The Correspondence of Thomas Jefferson

By Subject


I have read your book with infinite satisfaction and improvement. It will do great good in America. Its learning and its good sense will, I hope, make it an institute for our politicians, old as well as young. There is one opinion in it, however, which I will ask you to reconsider, because it appears to me not entirely accurate, and not likely to do good. Page 362, "Congress is not a legislative, but a diplomatic assembly." Separating into parts the whole sovereignty of our States, some of these parts are yielded to Congress. Upon these I should think them both legislative and executive, and that would have been judiciary also, had not the confederation required them for certain purposes to appoint a judiciary. It has accordingly been the decision of our courts that the confederation is a part of the law of the land, and superior in authority to the ordinary laws, because it cannot be altered by the legislature of any one State. I doubt whether they are at all a diplomatic assembly.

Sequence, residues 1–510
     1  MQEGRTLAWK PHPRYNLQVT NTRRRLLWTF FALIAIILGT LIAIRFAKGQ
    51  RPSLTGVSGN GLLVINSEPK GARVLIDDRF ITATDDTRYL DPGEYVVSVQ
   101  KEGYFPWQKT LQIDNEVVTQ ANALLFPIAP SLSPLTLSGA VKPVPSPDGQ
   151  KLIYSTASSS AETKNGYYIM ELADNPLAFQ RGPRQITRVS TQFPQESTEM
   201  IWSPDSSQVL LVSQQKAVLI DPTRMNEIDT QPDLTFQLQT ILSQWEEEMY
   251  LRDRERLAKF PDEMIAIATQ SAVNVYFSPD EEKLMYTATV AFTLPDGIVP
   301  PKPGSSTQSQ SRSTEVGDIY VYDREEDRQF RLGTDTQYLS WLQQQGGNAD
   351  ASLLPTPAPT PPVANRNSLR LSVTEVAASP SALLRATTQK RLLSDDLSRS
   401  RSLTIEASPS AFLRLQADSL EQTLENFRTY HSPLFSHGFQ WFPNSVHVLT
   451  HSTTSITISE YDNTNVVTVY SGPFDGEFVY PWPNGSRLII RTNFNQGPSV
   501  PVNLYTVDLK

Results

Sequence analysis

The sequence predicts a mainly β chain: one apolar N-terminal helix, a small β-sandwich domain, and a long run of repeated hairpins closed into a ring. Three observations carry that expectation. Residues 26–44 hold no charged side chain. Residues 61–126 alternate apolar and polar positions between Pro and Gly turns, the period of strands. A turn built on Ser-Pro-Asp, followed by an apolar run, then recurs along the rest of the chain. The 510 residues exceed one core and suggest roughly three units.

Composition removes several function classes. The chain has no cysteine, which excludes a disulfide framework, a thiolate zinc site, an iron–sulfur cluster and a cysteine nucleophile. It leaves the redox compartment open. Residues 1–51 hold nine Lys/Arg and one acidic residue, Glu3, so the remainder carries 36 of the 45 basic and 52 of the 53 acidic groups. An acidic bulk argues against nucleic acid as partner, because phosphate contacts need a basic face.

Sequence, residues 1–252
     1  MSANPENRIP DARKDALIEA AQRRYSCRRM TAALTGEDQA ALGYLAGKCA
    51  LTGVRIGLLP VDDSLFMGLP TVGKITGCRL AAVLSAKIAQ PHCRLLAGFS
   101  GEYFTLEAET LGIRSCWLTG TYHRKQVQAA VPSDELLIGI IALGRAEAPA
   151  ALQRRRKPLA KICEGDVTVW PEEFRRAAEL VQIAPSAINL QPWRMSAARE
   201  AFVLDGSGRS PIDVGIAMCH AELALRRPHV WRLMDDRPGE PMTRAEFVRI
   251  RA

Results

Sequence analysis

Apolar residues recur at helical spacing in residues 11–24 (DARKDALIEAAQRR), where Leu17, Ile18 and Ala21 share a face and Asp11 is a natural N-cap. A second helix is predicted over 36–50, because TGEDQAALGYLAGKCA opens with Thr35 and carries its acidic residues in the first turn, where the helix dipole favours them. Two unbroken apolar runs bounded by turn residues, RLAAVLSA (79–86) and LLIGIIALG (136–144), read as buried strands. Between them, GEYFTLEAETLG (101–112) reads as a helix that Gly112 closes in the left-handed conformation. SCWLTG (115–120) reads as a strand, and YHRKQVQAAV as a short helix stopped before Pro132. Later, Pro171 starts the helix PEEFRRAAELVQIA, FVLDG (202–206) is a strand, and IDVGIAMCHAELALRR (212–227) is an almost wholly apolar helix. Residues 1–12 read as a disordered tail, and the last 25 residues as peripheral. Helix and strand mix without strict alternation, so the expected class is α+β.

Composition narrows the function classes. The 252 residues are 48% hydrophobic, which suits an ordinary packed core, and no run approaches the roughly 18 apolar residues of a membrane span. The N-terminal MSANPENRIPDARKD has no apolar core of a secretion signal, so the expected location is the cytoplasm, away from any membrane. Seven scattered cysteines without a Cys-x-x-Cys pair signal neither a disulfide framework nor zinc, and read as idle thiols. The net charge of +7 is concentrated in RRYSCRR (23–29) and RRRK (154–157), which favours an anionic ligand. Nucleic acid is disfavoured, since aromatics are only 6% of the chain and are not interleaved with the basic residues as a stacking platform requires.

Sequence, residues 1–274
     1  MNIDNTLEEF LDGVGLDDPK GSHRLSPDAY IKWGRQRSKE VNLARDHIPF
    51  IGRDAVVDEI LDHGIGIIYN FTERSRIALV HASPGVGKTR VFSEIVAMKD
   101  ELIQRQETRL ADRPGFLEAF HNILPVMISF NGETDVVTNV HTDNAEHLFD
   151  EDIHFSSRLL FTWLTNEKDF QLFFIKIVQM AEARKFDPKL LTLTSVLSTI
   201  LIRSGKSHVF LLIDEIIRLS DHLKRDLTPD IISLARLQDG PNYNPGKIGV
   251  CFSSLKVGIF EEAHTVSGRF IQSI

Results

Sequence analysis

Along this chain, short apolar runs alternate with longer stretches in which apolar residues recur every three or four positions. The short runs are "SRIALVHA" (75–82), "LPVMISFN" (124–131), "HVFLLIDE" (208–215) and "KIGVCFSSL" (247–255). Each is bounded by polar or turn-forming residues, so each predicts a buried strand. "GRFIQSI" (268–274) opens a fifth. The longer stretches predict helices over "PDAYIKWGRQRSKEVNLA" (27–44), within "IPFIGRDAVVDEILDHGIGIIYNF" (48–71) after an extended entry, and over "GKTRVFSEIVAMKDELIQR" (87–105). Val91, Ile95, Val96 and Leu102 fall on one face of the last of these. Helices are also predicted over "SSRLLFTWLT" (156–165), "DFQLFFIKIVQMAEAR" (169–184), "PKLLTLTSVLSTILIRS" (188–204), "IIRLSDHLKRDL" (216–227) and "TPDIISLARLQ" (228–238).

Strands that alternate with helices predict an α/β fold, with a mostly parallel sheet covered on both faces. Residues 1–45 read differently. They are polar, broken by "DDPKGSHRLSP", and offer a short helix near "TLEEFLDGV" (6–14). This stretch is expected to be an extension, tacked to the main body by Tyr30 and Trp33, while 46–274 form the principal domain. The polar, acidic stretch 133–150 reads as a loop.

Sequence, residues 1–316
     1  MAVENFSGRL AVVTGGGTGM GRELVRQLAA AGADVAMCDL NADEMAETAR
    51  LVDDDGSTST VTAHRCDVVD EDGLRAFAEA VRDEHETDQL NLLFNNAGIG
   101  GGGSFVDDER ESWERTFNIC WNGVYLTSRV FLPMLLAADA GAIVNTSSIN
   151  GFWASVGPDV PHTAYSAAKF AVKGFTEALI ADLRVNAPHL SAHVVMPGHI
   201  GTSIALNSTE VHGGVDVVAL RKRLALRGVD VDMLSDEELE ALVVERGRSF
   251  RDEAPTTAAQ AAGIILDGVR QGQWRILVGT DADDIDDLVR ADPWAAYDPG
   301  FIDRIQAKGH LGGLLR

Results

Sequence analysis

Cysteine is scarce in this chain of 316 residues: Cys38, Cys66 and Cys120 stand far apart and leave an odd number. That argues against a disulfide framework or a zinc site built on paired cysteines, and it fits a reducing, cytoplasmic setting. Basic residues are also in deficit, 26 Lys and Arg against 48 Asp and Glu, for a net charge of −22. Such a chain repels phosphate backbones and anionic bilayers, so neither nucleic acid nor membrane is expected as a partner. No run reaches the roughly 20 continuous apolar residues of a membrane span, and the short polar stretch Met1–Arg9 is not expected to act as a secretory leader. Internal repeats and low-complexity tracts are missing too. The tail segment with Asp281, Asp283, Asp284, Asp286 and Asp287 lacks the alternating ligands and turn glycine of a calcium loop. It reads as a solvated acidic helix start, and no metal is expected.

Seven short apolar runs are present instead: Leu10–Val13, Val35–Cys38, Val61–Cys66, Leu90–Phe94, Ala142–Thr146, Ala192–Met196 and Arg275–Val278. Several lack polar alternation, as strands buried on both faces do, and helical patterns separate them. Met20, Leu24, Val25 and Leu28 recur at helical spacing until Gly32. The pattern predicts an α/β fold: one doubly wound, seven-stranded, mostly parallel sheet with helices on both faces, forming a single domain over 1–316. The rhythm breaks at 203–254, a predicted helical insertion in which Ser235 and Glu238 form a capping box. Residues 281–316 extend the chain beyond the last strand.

to John Adams, 23 February 1787